• Make sure that all of these items are removed from the sight of the recovering addict. This will keep them from visual triggers about drugs and alcohol.
  • Make sure to use or drink these substances when the addict is not present. They do not need any ongoing reminders of old behavior patterns, even if the user or drinker does so in moderation or on the advice of a doctor or nurse.

What if It Backfires?

If family members or roommates refuse to be supportive in this fashion, it is likely that changes will need to occur in your living arrangements. Seldom can recovering addicts remain successful in the early days of recovery without the support of their loved ones.

Some members will successfully remain abstinent when spouses, parents, siblings or children use alcohol or drugs socially. Others must remain apart from the temptation until they become stabilized in recovery. Each case can be different, depending on many factors. Treatment professionals, sponsors, therapists and others who are engaged in the recovery process may suggest alternative living arrangements for those in early abstinence.

Many recovering addicts find that they no longer have the desire to spend time around drinking and drugs of any kind. When this happens, they may sever the relationships with those who do so. This is their decision.

Other Dangers Out There

Addicts who have loved ones who require medical care at home, especially when the loved one is gravely or terminally ill, may sometimes have to administer care and medication to that loved one. This can be emotionally, mentally and physically draining to them and other family members. Knowing the risks is important under these conditions. Asking for and receiving help is crucial. Therapists, doctors, nurses, social workers and others who work in healthcare settings of this kind are beneficial, as are the support group of recovering addicts, along with sponsors and friends. Talking about and processing the emotional stress of the situation is important. With a large volume of pain medication or other drugs available, it is imperative that addicts get strong support to navigate this tough time.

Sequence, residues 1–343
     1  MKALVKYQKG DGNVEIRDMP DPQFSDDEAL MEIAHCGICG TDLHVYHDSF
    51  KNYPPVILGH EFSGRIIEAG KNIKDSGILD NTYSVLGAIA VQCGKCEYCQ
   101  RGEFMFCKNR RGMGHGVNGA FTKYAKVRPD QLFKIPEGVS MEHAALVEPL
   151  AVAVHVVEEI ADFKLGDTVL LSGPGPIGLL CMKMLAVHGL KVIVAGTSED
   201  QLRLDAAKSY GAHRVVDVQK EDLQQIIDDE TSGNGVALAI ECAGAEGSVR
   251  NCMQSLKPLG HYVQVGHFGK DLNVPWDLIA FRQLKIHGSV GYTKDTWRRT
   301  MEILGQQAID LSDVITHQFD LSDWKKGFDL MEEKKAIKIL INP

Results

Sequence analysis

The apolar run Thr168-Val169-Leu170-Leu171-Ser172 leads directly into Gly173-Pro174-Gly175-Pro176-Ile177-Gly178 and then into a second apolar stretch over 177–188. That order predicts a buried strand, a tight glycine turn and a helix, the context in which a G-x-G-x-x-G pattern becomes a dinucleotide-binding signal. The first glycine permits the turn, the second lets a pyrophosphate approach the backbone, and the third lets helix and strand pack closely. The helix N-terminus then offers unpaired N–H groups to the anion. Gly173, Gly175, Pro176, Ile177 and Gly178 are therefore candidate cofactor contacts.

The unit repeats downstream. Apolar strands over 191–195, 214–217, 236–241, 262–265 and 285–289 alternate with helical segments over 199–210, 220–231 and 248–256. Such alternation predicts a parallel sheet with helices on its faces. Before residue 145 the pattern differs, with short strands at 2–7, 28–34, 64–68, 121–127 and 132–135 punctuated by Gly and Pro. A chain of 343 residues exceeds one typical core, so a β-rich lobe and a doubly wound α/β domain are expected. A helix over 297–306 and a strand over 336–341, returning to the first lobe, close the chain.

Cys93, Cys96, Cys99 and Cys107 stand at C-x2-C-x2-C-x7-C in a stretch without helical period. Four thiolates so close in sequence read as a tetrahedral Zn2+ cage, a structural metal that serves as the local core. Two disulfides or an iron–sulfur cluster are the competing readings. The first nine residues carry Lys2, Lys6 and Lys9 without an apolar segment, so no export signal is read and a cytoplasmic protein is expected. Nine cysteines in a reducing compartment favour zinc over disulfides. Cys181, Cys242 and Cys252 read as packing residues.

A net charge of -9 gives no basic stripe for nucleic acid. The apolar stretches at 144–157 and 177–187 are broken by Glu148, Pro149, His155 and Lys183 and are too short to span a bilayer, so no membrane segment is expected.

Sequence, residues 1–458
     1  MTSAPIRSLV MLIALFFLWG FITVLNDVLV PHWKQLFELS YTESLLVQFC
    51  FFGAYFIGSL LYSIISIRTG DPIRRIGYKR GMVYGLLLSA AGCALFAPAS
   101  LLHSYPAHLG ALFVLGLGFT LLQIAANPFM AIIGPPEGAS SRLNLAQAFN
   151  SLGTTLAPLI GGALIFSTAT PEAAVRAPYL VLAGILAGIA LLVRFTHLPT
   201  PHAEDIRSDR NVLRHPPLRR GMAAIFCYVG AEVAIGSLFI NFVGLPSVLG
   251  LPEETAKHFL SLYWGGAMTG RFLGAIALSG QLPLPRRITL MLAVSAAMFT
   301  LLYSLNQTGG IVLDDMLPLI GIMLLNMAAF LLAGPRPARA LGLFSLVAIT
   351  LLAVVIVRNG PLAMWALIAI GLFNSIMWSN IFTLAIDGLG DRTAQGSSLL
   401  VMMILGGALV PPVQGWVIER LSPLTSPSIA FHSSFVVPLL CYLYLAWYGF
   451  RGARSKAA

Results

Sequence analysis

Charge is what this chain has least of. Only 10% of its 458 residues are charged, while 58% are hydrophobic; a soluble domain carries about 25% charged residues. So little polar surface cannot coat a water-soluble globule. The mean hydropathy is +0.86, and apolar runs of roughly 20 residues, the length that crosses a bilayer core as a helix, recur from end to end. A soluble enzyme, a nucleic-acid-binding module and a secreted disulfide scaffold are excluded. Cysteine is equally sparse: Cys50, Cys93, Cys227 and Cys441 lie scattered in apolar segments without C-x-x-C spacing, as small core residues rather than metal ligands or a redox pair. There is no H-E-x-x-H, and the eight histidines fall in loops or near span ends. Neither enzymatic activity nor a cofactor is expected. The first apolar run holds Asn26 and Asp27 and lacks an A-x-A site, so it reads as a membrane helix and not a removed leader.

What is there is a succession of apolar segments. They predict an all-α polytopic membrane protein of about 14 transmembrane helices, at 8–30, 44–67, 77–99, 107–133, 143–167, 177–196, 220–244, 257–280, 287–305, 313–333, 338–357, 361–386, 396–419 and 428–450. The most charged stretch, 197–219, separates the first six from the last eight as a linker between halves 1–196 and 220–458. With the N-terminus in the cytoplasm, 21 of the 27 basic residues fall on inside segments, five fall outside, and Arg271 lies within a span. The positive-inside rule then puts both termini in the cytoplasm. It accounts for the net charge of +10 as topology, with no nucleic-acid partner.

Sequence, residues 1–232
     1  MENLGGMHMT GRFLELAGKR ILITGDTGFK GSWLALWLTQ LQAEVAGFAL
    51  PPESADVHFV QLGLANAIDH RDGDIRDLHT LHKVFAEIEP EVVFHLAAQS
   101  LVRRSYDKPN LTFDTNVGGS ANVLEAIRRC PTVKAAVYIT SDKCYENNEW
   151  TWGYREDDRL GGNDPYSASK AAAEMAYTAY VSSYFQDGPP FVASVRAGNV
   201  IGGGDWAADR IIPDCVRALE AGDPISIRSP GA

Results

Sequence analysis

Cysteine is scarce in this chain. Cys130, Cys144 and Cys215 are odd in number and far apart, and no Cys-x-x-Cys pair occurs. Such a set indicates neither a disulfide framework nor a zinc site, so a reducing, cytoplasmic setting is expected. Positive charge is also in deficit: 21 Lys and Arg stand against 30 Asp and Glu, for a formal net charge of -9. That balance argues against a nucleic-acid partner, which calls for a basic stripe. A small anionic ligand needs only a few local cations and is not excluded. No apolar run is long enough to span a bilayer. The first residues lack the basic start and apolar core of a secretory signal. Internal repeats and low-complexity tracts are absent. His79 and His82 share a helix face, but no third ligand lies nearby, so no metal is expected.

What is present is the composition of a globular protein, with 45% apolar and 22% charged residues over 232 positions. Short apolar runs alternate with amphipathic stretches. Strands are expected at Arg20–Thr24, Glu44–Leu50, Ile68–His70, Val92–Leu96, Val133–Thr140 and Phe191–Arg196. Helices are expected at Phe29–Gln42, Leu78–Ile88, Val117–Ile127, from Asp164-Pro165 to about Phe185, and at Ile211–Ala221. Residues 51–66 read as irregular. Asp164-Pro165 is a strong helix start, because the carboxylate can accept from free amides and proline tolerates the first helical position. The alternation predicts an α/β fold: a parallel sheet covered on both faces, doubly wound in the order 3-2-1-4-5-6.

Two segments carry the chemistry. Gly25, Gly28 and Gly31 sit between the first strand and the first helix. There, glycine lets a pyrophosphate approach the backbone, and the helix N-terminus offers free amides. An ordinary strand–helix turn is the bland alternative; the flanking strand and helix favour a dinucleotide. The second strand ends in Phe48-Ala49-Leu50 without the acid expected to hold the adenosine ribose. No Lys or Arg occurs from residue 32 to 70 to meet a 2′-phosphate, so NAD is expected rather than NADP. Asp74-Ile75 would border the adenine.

Addicts who undergo surgery or other medical interventions are frequently at high risk of relapse due to the nature of the medications they may be prescribed during this time. Including a friend or family member in the conversation with the doctor(s) about the nature of the medication(s) being prescribed is strongly recommended. If there is any possibility for developing an addiction, many recovering addicts make sure to give the medication to that trusted person to hold. They can then dispense the medication as prescribed, making sure the addict is not making that choice after being under the influence of the medication. There are many addicts in support groups who have undergone this situation without relapse. Talk to others with suggestions that may help you navigate this terrain.

Kelly McClanahan has an MSW/ASW in clinical social work, with a specialization in substance abuse treatment. Having worked in this field for over 25 years, she has a CATC-IV credential. She is also a lecturer and workshop provider for meditation, mindfulness and issues arising in long-term recovery. Kelly is currently writing a book about the spiritual principles in 12-Step recovery.